Federal Court Shoots Down All But One of 15 MPHJ Technology Scan Patents Challenged by HP

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Top MPHJ Technology attorney Jay Mac Rust, from 2006 magazine cover of Super Lawyers Texas “Rising Stars.”

Top MPHJ Technology attorney Jay Mac Rust, from 2006 magazine cover of Super Lawyers Texas “Rising Stars.”

HP has managed to shoot-down all but one of 15 scan patents asserted by MPHJ Technology, with Law360 reporting that on September 13th, the U.S. Federal Circuit upheld a U.S. Patent Trial and Appeal Board (PTAB) decision invalidating all but one of MPHJ Technology Investments’s 15 scanning patents that the Hewlett-Packard Company had challenged.

According to Law360:

“The PTAB’s 2014 final decision in an America Invents Act inter partes review held that HP had shown that 14 of the patent’s 15 claims were invalid as anticipated, but that one other is not invalid. MPHJ, which one member of Congress once called ‘a quintessential patent troll,; did not appeal the decision, but HP did, and the Federal Circuit shot down its bid to invalidate the remaining claim.”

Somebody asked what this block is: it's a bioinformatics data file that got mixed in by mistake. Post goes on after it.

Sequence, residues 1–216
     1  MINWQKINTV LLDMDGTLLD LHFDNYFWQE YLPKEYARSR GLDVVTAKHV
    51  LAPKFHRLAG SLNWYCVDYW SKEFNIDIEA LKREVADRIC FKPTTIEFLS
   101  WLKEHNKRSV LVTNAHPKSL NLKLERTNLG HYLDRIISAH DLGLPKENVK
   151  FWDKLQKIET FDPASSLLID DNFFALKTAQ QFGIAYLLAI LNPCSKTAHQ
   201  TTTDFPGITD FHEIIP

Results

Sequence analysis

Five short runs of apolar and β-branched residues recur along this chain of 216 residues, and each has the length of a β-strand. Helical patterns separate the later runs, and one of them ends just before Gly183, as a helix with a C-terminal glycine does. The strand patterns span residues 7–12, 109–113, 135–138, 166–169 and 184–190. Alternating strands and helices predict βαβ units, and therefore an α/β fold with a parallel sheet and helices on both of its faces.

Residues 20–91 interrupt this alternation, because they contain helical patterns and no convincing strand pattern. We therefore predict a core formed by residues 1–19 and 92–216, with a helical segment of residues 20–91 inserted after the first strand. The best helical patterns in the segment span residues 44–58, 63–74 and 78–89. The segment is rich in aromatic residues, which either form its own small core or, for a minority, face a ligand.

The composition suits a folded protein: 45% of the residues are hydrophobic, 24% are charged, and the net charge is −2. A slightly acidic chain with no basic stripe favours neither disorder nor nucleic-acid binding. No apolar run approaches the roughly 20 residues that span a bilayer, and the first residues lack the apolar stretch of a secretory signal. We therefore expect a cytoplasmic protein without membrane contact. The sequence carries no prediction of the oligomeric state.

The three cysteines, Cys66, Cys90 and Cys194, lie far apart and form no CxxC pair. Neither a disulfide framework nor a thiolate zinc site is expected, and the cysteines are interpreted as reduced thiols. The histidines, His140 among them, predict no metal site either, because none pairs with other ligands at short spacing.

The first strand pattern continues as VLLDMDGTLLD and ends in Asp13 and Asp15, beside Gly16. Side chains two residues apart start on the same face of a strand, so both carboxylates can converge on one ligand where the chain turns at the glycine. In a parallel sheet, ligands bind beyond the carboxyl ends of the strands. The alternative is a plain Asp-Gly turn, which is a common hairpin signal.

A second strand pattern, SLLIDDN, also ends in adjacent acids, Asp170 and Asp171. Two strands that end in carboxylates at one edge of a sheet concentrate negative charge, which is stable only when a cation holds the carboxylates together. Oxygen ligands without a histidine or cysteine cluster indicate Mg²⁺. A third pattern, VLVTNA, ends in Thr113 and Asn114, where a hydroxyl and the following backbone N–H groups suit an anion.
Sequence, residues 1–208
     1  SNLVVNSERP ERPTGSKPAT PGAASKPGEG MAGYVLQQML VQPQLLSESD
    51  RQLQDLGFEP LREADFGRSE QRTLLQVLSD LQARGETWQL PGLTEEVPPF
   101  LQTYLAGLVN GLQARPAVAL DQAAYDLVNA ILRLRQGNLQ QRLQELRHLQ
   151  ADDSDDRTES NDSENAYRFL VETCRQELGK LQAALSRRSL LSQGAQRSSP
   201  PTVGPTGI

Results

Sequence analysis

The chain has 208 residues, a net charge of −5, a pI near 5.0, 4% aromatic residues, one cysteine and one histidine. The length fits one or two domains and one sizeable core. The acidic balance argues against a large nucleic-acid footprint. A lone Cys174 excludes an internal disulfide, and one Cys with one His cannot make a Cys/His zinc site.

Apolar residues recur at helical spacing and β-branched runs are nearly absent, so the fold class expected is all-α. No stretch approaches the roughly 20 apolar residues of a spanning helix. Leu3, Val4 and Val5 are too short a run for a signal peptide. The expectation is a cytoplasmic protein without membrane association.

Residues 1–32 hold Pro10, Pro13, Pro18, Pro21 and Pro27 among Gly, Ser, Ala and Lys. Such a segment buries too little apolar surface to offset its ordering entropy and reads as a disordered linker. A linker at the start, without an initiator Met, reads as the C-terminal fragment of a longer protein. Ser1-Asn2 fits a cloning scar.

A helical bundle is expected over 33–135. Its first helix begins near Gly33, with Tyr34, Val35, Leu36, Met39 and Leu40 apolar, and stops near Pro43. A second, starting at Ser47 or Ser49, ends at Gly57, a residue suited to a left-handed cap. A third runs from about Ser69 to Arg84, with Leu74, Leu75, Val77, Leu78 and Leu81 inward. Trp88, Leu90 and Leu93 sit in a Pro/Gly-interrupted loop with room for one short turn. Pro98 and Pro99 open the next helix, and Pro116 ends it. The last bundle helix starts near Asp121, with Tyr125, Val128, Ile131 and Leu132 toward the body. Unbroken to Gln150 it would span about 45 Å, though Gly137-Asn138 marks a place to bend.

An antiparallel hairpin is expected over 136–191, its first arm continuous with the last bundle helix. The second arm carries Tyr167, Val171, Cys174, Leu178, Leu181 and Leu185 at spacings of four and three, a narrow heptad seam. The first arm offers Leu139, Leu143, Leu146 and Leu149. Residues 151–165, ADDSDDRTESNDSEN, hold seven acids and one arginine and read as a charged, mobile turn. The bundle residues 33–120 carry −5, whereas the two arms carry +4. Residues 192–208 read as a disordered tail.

HP has essentially argued that MPHJ’s scan patents covered technology that previously existed, was “obvious,” and had actually been used in HP scanners and multifunctional printers – a concept referred to as prior art, that is, in order for a patent to be valid, there must be no other prior existence of the invention or technology.

The Federal Circuit also ruled that the PTAB decisions can’t appealed.

HP’s lawyers stated to the Federal Circuit that MPHJ had sent letters to 16,465 small business across the country accusing them of infringing upon MPHJ’s patent by using printers and scanners that allow users to scan a document and send it to an email address as a PDF. The letters then demanded that the businesses pay MPHJ $1,000 per employee to license the technology

The PTAB found that most of MPHJ’s scan patents were in use prior to MPHJ patenting them, as demonstrated, for instance, in an HP press release that described the HP’s ScanJet 5.

In May 2013, Hewlett-Packard Company filed a petition with the PTAB seeking to invalidate several of the patents MPHJ claims cover an MFP or scanner’s scan capability. HP argued that the patents are invalid because two HP products introduced in the 1990s – the ScanJet 5 (1995) and LaserJet 3100 (1997) – actually predate approval of the patents filed by inventor Laurence Klein, qualifying the products as prior art under 35 U.S.C. § 102(b).

The case is HP Inc. v. MPHJ Technology Investments in the U.S. Court of Appeals for the Federal Circuit.

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